Over his term at Apple, Sculley increased sales from $800 million to $8 billion. Good performance, but apparently not good enough, because Sculley was axed in 1993 and a window was opened for Jobs to return as Apple’s puppet-master four years later. The rest is history and AAPL stock went from about $10 per share when Sculley left all the way up to $316.65 today. Not too shabby.

In another shocker, after hiring Sculley and then getting fired by Sculley, Jobs said Sculley won’t talk to him. I can’t understand why a company founder would hold a grudge toward a hand-picked former employee who spearheaded a lynching against his boss? Well, I guess karma has a way of evening things out in the long run – redemption was found with Jobs’s climbing the Silicon Valley mountain to create the $300 billion consumer technology behemoth. I’m sure you don’t have to cry a river for John Sculley, but if he can’t control his own tears, he can always use his hundred dollar bills as tissue surrogates.

What makes Jobs’s decline and subsequent triumph even more unbelievable are the hugs and kisses Steve Jobs owes Microsoft founder and billionaire Bill Gates. If not for a $150 million lifeline offered by Gates to Steve Jobs in August 1997, while Apple was on its financial deathbed, we may not have ever experienced the iPod, iPhone, iPad, or future overhyped consumer gadget (OK, I admit it, I have succumbed to the hype myself). I’m guessing if Bill were given another chance, he would have passed on that Apple investment and we would be stuck paying for $4,000 computers and $1,000 Microsoft Office upgrades.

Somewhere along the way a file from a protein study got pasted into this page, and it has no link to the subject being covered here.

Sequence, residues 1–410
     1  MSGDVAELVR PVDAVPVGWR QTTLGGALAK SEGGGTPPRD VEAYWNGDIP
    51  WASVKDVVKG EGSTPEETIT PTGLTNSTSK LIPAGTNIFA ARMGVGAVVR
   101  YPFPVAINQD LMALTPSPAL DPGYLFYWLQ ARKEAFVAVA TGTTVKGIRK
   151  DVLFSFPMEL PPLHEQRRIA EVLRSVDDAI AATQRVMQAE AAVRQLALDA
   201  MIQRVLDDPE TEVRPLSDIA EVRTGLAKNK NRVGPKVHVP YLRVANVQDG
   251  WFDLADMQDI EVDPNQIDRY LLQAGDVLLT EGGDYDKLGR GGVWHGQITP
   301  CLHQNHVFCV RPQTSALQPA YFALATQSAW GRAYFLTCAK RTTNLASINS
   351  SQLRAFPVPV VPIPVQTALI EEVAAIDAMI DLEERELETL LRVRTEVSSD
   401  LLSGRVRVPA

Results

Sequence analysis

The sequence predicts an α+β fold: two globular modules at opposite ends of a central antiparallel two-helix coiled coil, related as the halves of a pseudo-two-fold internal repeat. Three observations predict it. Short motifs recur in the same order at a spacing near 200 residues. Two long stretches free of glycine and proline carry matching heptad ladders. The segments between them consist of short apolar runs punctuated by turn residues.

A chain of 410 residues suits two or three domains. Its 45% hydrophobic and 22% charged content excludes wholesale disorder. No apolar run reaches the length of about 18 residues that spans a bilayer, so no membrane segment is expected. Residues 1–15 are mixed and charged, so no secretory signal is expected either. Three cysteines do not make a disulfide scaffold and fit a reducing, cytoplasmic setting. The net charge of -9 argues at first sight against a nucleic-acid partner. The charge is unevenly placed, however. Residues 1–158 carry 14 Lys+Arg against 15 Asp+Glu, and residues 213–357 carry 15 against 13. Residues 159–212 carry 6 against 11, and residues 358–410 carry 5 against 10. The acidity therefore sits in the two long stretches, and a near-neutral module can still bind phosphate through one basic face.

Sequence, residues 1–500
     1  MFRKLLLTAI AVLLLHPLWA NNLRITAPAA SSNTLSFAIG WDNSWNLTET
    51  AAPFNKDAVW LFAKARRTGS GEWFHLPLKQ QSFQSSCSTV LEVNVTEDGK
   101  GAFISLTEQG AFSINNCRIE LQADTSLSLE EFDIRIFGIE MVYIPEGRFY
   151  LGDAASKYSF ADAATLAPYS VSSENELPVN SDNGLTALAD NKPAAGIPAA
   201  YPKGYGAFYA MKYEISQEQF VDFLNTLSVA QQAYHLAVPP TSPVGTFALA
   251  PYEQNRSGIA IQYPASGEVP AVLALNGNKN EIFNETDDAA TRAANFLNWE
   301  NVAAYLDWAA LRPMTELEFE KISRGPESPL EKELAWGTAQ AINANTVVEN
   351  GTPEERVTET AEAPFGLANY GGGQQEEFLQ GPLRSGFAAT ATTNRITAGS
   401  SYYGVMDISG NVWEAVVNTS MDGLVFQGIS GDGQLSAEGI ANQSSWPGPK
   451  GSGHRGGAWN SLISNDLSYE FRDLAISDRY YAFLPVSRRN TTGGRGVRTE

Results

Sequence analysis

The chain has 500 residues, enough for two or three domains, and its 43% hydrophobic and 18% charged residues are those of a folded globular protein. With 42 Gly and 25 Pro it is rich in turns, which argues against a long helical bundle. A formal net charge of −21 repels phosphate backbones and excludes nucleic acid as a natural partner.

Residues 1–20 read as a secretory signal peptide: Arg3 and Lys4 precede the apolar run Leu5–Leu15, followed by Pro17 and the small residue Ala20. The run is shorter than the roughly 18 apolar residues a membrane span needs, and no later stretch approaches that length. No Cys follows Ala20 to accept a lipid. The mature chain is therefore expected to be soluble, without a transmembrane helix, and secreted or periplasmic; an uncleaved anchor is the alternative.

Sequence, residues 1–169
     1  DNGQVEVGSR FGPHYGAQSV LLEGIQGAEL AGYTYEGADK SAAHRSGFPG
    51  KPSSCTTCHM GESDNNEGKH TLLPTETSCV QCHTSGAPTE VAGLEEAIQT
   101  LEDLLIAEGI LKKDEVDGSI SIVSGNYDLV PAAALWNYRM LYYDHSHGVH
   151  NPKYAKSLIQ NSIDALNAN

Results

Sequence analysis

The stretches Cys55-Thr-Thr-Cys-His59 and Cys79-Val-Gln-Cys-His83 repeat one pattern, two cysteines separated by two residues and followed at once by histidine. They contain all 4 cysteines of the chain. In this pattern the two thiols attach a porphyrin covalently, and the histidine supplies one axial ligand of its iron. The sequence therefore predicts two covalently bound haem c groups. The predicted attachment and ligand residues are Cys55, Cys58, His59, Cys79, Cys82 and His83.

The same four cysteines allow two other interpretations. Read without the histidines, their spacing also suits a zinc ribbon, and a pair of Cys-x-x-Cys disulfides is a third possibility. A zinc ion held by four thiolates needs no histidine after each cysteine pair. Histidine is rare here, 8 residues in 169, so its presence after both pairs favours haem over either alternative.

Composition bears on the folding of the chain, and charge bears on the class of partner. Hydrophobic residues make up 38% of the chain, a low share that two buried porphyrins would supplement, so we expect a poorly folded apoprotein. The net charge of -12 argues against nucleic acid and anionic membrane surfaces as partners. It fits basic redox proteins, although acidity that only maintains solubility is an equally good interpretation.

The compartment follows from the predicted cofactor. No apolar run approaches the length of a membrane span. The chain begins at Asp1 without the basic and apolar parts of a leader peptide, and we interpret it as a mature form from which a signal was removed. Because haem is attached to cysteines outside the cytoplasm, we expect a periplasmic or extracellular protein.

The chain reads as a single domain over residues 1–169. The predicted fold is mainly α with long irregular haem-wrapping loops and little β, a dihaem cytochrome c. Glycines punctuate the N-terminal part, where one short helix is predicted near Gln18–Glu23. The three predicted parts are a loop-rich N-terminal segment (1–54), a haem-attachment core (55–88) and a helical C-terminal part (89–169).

As a result of these corporate shockers, several lessons can be learned. Number one: If you are hired by a company founder, be careful about firing that boss if put in that position – you could potentially be jeopardizing the creation of hundreds of billions of dollars in future value. Number two: If you are unable to successfully negotiate lesson number one, then just find someone to lend you $150 million. History has taught us lessons based on past events ranging from Prohibition to Watergate, and from Nazi Germany to Tiger Woods’s indiscretions. John Sculley also learned lessons from Apple’s corporate shockers, and so can you.

Wade W. Slome, CFA, CFP®  

Plan. Invest. Prosper.  

www.Sidoxia.com

DISCLOSURE: Sidoxia Capital Management (SCM) and some of its clients own certain exchange traded funds and AAPL, but at the time of publishing SCM had no direct position in PEP, MSFT, or any other security referenced in this article. No information accessed through the Investing Caffeine (IC) website constitutes investment, financial, legal, tax or other advice nor is to be relied on in making an investment or other decision. Please read disclosure language on IC “Contact” page.

November 12, 2010 at 1:33 am Leave a comment

Avoiding Automobile and Portfolio Crashes